14-3-3 is a family of chaperone proteins that have been implicated in some neurodegenerative disorders including Parkinson's Disease (PD). 14-3-3 proteins interact with α-synuclein and may be a bridge between that protein and PD. Several isoforms of 14-3-3 are down-regulated in a transgenic mouse model of PD; up-regulation in these models is neuroprotective. We are currently evaluating testing a set of first-in-class molecules identified through our HTS efforts to identify the most potent and selective for transcription activation of 14-3-3.
The interaction between Tau and Fyn has been shown to have a pathogenic role in Alzheimer’s Disease. We have identified several potential lead compounds with high selectivity and excellent drug-like properties. Secondary assays have confirmed that these first-in-class compounds protect neurons from Aβ-related toxicity.
Mutations in the Leucine-Rich Repeat Kinase 2 (LRRK2) gene can cause late-onset Parkinson’s Disease (PD). The LRRK2 gene encodes a protein with kinase activity, and the mutations that cause PD increase this kinase activity, linking elevated kinase activity to PD susceptibility. Therefore selective inhibition of elevated kinase activity may be beneficial in halting disease progression. We have identified a highly selective brain penetrating compound with excellent drug-like properties that inhibits LRRK2 kinase both in vitro and in vivo. Further medicinal chemistry efforts are now underway.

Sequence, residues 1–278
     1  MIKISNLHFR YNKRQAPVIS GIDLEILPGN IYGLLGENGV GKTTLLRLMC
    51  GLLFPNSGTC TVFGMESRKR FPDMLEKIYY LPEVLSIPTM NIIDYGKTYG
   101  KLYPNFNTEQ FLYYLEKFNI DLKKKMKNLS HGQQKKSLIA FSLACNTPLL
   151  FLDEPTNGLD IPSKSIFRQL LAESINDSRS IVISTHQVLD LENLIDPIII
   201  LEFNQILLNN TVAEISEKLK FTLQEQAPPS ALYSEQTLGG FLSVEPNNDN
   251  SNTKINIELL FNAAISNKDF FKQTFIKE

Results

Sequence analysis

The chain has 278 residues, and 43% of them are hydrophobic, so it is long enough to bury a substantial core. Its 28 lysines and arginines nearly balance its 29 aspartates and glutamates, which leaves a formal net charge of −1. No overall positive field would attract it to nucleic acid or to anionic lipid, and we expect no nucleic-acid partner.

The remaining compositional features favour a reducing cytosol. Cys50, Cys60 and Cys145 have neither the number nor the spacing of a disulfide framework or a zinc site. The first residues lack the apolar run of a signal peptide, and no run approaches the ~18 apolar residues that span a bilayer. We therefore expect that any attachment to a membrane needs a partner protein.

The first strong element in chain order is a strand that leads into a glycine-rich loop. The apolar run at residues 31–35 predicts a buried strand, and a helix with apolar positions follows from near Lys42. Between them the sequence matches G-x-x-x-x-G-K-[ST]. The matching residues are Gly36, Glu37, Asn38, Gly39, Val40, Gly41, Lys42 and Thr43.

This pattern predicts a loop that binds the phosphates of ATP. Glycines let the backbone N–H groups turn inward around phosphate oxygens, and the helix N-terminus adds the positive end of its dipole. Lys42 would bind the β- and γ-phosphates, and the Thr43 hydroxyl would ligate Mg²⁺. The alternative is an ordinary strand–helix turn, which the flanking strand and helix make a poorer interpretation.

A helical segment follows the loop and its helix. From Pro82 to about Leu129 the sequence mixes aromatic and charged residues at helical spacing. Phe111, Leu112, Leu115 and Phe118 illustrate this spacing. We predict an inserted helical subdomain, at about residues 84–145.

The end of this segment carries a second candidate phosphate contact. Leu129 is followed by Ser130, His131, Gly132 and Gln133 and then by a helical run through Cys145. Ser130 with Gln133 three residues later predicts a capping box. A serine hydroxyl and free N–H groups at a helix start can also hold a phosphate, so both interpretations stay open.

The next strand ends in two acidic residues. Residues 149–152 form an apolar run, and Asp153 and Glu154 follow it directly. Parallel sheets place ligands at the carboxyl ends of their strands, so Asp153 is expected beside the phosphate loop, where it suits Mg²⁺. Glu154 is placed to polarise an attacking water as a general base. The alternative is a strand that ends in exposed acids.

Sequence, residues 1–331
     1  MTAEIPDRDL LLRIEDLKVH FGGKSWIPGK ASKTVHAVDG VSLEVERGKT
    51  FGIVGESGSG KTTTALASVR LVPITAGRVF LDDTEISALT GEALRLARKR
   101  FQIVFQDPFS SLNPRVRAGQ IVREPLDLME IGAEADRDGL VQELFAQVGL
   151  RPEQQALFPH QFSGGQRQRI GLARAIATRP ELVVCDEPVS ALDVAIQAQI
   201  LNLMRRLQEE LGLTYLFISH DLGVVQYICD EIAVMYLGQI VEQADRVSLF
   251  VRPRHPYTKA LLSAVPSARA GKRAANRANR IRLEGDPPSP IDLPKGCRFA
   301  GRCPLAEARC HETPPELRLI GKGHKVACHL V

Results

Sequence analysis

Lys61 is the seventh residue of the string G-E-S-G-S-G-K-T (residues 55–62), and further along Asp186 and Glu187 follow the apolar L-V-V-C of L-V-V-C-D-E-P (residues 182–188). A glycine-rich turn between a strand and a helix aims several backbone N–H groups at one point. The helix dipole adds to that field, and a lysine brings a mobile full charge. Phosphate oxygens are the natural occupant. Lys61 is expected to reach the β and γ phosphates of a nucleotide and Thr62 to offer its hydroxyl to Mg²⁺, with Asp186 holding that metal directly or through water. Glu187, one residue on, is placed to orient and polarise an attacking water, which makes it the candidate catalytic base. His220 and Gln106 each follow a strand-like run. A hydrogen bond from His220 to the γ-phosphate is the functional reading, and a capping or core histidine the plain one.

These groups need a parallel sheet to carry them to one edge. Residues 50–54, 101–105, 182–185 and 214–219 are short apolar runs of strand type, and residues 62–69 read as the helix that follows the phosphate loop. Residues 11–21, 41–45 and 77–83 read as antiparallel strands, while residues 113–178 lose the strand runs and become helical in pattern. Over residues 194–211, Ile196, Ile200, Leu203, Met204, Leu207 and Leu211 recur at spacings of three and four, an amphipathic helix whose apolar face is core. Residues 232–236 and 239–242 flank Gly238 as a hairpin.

RNA Polymerase I (Pol I) is responsible for transcription of ribosomal RNA (rRNA) which forms the bulk of a ribosome. Ribosome synthesis, and therefore Pol I transcription, is proportional to the growth rate of tumor cells. This makes Pol I is an excellent biological target for controlling cell growth and proliferation rates. Drugs that specifically target Pol I could be a major component of future cancer chemotherapeutic approaches.
First-line therapy for glioblastoma is temozolomide (TMZ), but most tumors develop resistance to the drug. Cytochrome C Oxidase (CcO) levels are increased in TMZ-resistant tumors; inhibition of CcO reverses TMZ resistance in vitro. Our HTS efforts have identified two lead compounds that inhibit CcO activity. In vivo, these compounds partition to the CNS and significantly extend the lifespan of animals with TMZ-resistant glioblastoma. Medicinal chemistry is ongoing, as are additional in vivo studies looking at various dosing regimens.